Income tax Dates
OCT 28Provisional tax payments are due if you have a March balance date and use the ratio option.
JAN 15Provisional tax payments are due if you have a March balance date and use the standard, estimation or ratio options.
FEB 7End-of-year income tax and Working for Families bills are due, unless you have an extension of time to file your income tax return.
Refunds from the main income equalisation scheme are:
- included as income in your Individual income return (IR3)
- not included as income for the calculation of Working for Families.
For student loans the refund is not included when it is a refund of a deposit that was made on or after 1 April 2014.
This also applies to refunds to a:
- company you're a major shareholder in
- trust you're the settlor of (except for some types of trust)
- company controlled by a trust you're the settlor of (the trust controls the company if the trust and associated persons hold a voting interest of 50% or more in the company).
Refunds from the adverse event income equalisation scheme and thinning operations income equalisation scheme are not excluded as income, so they will be counted in your Working for Families entitlement and your student loan repayments.
Refunds received from your individual account
For Working for Families purposes, complete box 23A of the Adjust your income (IR215) form for any refunds you received from your own individual main income equalisation scheme.
For student loan purposes, complete box 23B of the IR215 for any refunds received by you from your own individual main income equalisation scheme.
Refunds received by a company or trust account
If a company or trust that you're associated with gets a refund from their main income equalisation account, then this refund will need to be removed from the company’s:
- net income
- trustee income
- companies income
so your Working for Families and student loans can be correctly calculated. (Student loans only if the deposit was made after 1 April 2014).
These adjustments are included in the calculations for attributable trustee income and major shareholder in a close company income.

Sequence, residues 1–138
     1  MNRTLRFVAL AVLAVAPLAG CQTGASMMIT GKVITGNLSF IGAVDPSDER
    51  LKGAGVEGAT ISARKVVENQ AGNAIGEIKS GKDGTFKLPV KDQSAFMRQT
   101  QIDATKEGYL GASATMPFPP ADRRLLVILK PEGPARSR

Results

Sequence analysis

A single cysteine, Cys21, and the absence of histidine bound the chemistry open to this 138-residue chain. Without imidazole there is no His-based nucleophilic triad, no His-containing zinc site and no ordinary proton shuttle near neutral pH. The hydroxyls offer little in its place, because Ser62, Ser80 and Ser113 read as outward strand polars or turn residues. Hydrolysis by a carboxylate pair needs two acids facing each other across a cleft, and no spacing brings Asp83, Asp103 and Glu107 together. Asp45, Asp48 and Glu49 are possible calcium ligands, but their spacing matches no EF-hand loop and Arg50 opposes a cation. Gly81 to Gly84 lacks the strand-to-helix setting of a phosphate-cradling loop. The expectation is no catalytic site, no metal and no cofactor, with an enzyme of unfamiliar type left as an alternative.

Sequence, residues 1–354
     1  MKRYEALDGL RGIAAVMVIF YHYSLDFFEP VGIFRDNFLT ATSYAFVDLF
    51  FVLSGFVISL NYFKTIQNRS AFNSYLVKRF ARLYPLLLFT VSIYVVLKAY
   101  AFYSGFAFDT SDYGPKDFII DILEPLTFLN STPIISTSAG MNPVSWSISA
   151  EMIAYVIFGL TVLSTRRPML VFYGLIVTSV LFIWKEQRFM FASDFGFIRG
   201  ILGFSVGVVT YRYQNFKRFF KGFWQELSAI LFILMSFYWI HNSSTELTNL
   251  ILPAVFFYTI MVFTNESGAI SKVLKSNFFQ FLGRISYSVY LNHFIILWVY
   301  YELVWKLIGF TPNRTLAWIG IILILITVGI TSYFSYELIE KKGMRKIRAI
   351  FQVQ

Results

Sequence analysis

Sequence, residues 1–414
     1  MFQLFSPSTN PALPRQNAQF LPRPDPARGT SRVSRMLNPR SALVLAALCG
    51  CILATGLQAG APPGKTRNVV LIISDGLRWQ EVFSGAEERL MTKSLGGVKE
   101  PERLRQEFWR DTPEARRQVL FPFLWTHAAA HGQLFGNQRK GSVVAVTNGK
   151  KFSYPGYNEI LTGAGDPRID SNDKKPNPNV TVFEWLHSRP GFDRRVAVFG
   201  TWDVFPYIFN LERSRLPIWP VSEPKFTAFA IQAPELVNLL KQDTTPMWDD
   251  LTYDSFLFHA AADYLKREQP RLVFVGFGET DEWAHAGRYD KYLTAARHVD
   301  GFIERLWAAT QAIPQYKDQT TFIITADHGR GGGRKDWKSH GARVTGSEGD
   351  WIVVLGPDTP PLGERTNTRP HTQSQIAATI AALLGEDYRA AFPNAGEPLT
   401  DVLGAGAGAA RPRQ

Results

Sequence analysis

Example - refund from an individual account
Kevin receives Working for Families payments and has a student loan. He made a deposit of $50,000 into the main income equalisation scheme account on 1 October 2012. On 1 June 2014 he gets a refund of the deposit of $51,200 including interest to purchase replacement livestock.
Kevin's taxable income for the 2015 year is $151,200 made up of self-employed income ($100,000) and the refund of the deposit from the main income equalisation account ($51,200).
He can reduce his income by $50,000 (the deposit less interest) for the calculation of Working for Families, but not for student loans, as the deposit was made before 1 April 2014.
He uses the following income to calculate:
- Working for Families Tax Credits: $101,200 ($151,200 - $50,000)
- student loans: $151,200.
Note: If Kevin had made a deposit on 1 October 2014 and received a refund on 1 June 2015, the refund (less interest, if any) can be left out of the income used to calculate his student loan repayment obligation for the year ending 31 March 2016.
Example - refund from a company account
Jasmine receives Working for Families payments for her 2 children and she also has a student loan. She is a major shareholder in a company which owns a farm.
Jasmine’s company has a net income of $88,000 and also received a refund of $50,000 plus interest of $2,000 from the company’s main income equalisation scheme account on 15 August 2015.
At the end of tax year the company’s taxable income will be $150,000 ($88,000 + $2,000 +$50,000).
However when Jasmine goes to calculate her attributed company income for box 24 of the IR215 she will leave out the amount originally deposited into the main income equalisation scheme of $50,000. Instead she will use a net income of $90,000 ($88,000 + $2,000).